What are Interim Payments?
26 February 2020
For some people pursuing a Personal Injury or Medical Negligence Claim, their injuries could be so severe that their ability to work is affected. This can result in a continuing loss of earnings. In addition, they may require treatment or rehabilitation, such as physiotherapy or counselling, which can be paid for privately and included as part of the claim for compensation.
If this happens to you, it will understandably make your financial situation extremely difficult. As a result you may feel pressurised into settling your injury claim early, just so you've got some money to keep you afloat.
However, it's important not to settle a claim before the effects of the injury can be properly assessed, as you may not receive the full amount of compensation that you are entitled to. Usually once a personal injury claim settles, it is on a 'full and final basis', so you won't be able to get any more compensation from your claim once you've accepted a settlement.
But that can leave you in a difficult position, as Personal Injury Claims can occasionally take years to finalise where the injuries are long term. During this time your finances could be seriously depleted. To overcome this problem, it's possible to ask for an interim payment.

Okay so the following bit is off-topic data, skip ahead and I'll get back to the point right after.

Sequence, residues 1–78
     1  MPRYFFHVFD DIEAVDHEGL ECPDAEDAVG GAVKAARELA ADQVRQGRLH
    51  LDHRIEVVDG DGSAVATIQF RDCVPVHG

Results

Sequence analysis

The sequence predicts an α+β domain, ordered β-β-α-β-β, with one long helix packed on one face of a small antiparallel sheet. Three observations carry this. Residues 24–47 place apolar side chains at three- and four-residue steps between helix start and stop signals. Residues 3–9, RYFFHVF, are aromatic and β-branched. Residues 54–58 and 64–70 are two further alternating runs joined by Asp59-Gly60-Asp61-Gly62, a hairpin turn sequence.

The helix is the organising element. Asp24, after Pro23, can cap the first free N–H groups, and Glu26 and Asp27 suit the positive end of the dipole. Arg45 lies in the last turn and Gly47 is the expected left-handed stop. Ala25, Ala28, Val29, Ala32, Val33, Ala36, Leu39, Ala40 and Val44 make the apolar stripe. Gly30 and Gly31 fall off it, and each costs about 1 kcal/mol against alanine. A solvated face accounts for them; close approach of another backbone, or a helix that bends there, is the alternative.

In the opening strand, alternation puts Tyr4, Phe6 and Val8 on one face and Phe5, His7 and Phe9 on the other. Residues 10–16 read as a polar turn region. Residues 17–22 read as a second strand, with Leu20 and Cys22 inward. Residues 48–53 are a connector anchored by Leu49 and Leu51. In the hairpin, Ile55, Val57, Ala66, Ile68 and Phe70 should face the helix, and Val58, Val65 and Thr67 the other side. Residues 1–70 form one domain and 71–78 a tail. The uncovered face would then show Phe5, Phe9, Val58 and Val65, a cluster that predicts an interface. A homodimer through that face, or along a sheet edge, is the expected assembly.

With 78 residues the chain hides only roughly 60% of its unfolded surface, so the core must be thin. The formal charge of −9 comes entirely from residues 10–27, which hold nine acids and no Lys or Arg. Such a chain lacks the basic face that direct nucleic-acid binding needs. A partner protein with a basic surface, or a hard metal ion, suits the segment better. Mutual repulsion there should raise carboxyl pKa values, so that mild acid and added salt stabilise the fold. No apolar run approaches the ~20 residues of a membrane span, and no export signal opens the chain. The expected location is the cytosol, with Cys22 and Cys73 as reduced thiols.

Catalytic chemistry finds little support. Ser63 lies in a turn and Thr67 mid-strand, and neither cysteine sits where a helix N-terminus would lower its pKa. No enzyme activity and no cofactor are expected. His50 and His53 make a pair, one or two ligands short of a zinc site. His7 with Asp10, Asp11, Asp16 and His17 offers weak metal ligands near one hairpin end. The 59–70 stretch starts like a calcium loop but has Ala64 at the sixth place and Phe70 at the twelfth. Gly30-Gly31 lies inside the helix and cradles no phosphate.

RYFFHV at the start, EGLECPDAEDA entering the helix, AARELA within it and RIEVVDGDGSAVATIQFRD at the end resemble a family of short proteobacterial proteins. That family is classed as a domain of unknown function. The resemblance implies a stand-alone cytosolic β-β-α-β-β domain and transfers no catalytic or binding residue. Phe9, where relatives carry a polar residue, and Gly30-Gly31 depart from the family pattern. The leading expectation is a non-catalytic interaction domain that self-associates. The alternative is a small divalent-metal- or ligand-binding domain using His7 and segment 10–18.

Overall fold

How Do Interim Payments Work?
An interim payment is a payment on account of your full compensation, and what it means is that you effectively receive part of your compensation settlement early. Then, when your claim settles and the final amount is known, you will receive the rest of the money.
Who Can Get an Interim Payment?
If the other side in your Personal Injury or Medical Negligence Claim admits fault for causing your injuries, your Solicitor can ask for a voluntary interim payment to be made. If the other side is not prepared to make an interim payment voluntarily then your Solicitor can prepare Court proceedings (once medical evidence has been obtained) and ask the Court to order that an interim payment is paid to you, as the Claimant.
Your Solicitor can only make an application to the Court if proceedings have been 'issued' which means that your claim has been lodged with the Court and the legal process is underway. Before ordering an interim payment, the Court will check that:
- Liability has been admitted, or that if your claim went to trial there would be a reasonable chance that the other side would be found at fault
The Claimant has set out why they are requesting an interim payment (i.e. what the payment is for)
The amount requested is reasonable and is likely to be less than your final compensation settlement
There is no limit to the number of interim payments you can receive, but the Court will want the above criteria to be satisfied each and every time.